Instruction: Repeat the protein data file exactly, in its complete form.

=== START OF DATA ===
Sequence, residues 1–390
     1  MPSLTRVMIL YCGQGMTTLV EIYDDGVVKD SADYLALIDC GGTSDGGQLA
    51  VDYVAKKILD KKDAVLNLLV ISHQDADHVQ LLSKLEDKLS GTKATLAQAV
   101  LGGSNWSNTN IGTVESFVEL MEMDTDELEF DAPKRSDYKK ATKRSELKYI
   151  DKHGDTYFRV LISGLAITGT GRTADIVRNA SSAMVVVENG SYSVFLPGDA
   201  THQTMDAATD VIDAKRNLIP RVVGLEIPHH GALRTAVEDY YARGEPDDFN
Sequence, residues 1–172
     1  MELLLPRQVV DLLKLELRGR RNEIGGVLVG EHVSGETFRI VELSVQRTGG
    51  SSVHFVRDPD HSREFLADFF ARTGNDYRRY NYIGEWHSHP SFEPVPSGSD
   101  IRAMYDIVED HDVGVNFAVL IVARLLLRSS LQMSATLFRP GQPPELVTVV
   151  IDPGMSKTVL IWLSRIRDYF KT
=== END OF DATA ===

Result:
Sequence, residues 1–390
     1  MPSLTRVMIL YCGQGMTTLV EIYDDGVVKD SADYLALIDC GGTSDGGQLA
    51  VDYVAKKILD KKDAVLNLLV ISHQDADHVQ LLSKLEDKLS GTKATLAQAV
   101  LGGSNWSNTN IGTVESFVEL MEMDTDELEF DAPKRSDYKK ATKRSELKYI
   151  DKHGDTYFRV LISGLAITGT GRTADIVRNA SSAMVVVENG SYSVFLPGDA
   201  THQTMDAATD VIDAKRNLIP RVVGLEIPHH GALRTAVEDY YARGEPDDFN
Sequence, residues 1–172
     1  MELLLPRQVV DLLKLELRGR RNEIGGVLVG EHVSGETFRI VELSVQRTGG
    51  SSVHFVRDPD HSREFLADFF ARTGNDYRRY NYIGEWHSHP SFEPVPSGSD
   101  IRAMYDIVED HDVGVNFAVL IVARLLLRSS LQMSATLFRP GQPPELVTVV
   151  IDPGMSKTVL IWLSRIRDYF KT